Welcome to Wednesday. I have a guest post, review and giveaway for you all today. I know I haven't been doing as many guest posts these days, but when I do, I have a good one. I am delighted to welcome back author Jaime Lee Moyer, author of Delias's Shadow and the sequel: A Barricade in Hell. I reviewed Delia's Shadow back in March and I was delighted with this spooky, paranormal ghost story set in the early 1900's in San Francisco. I was thrilled to find that the sequel was even better. Delia, Gabe, Jack and Dora are back in this latest installment, and they are faced with yet another paranormal menace, one even more deadly and terrifying with evil intentions that could spread across the globe. World War I is ravaging Europe, and men are dying by the hundreds, bringing more ghosts to San Francisco. Want to know more? You will just have to read the book. I am pleased to welcome back Jaime. Before we get to Jaime, let me tell you all about her once again:
Jaime Lee Moyer lives in San Antonio, land of cowboys, cactus, and rhinestones. She writes books about murder, betrayal, friendship, magic, and kissing, an activity her cats approve of (even the kissing).
Her first novel, Delia’s Shadow, was published by Tor Books September 17, 2013. The second book in the series, A Barricade In Hell, comes out June 3, 2014, and the third book, Against A Brightening Sky, in 2015.
She writes a lot. She reads as much as she can. Find Jaime on her website, Pinterest, Twitter and Goodreads.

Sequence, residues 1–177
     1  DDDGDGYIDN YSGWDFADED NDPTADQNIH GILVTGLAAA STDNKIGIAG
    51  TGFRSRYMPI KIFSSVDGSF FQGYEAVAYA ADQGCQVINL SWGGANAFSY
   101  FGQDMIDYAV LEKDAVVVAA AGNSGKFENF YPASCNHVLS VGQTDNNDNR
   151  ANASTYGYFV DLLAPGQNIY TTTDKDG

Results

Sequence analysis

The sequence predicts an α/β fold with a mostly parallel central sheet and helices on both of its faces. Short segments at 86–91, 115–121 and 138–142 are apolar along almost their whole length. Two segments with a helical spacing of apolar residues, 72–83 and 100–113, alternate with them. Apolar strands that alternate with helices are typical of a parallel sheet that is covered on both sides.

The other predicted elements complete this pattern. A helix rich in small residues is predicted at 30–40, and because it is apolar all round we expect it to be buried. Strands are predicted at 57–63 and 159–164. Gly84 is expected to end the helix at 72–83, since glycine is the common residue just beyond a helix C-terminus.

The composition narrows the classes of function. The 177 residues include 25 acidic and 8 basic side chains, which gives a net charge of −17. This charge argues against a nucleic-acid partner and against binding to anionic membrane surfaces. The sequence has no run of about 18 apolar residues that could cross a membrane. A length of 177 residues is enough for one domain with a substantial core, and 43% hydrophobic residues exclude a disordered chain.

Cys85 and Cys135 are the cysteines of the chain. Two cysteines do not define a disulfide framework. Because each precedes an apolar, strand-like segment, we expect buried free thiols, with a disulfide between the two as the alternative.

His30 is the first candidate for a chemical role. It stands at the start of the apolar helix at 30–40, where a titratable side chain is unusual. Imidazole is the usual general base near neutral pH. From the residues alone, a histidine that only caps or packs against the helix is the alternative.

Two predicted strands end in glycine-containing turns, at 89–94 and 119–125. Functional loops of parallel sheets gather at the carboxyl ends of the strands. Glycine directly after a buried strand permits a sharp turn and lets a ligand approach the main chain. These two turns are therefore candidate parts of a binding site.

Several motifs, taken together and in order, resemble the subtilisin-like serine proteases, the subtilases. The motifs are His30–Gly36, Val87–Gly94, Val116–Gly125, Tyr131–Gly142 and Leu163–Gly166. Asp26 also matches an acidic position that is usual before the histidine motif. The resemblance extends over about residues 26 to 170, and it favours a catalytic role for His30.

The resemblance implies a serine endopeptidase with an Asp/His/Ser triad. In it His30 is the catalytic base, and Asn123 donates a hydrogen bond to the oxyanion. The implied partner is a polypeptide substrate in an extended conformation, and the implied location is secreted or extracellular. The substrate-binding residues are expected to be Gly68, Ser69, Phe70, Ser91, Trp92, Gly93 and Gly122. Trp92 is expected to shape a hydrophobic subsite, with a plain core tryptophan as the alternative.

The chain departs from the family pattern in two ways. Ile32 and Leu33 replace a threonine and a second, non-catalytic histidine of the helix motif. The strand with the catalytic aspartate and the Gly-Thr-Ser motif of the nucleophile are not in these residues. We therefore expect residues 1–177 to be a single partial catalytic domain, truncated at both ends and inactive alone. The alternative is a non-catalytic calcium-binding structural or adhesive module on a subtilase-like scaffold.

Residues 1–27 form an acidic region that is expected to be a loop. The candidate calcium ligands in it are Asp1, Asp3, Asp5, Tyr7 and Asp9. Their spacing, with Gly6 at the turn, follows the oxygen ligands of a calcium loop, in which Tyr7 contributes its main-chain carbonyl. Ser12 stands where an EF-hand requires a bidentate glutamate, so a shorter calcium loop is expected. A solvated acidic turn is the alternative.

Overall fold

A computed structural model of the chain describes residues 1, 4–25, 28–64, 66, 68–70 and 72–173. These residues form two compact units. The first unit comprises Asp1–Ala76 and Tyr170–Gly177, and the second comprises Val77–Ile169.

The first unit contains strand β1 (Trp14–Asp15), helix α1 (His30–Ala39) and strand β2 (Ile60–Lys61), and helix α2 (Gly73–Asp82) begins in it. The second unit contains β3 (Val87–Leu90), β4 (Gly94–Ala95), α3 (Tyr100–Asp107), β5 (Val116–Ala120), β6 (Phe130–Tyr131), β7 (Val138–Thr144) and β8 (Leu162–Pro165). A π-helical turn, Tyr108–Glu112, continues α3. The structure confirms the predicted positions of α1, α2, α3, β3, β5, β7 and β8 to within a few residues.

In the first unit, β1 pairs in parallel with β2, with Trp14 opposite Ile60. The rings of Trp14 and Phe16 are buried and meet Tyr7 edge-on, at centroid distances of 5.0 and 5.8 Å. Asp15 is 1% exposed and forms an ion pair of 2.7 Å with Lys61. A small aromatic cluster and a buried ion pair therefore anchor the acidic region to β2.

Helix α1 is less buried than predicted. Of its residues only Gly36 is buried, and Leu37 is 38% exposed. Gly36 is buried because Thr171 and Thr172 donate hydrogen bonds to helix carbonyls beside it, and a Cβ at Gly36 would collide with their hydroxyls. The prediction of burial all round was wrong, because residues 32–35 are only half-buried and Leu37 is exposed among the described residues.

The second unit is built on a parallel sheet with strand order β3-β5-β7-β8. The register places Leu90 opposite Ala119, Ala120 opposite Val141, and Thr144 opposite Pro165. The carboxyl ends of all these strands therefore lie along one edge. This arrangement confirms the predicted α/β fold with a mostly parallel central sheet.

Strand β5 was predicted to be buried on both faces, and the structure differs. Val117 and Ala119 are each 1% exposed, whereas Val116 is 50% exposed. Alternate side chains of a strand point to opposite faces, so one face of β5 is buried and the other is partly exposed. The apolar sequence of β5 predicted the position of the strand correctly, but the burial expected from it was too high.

Here is Jaime with her thoughts on spiritualism:
Belief in anything is personal, whether it's belief in one's self, or the existence—or non-existence—of a Higher Power. We each make up our own mind about what's true or untrue. But belief in something can also be so widespread as to be almost universal.
Take gravity for example. Who doesn't believe in gravity?
When people question why the characters in A Barricade In Hell or Delia's Shadow don't have a problem believing in ghosts, or don't doubt Delia's ability to see spirits, I have a one word answer.
Beginning in the 1840s, and continuing well into the 1920s and 30s, the spiritualist movement spread across the United States and into parts of Europe. Spiritualists believed that ghosts were real and provided a direct means of communication with the afterlife. Mediums, or trance lecturers, were seen as the bridge between the living and the dead, and were much sought after to deliver messages to loved ones who had "passed over". Séances and demonstrations of automatic writing became very popular as a result.
They became profitable as well. Fraud was widespread, but mediums and trance lecturers traveled the country, celebrities that drew crowds in every venue. For some people these lectures were a form of popular entertainment. For others, the true believers, they were a spiritual catharsis.
The Civil War brought on a huge surge in spiritualism, fueled by the sheer number of war casualties. Battlefield photographs published in newspapers showed thousands of dead soldiers, many of whom had died a horrible death. Soldier's families flocked to mediums, willing to pay any amount of money to communicate with the men who'd gone off to war and never returned.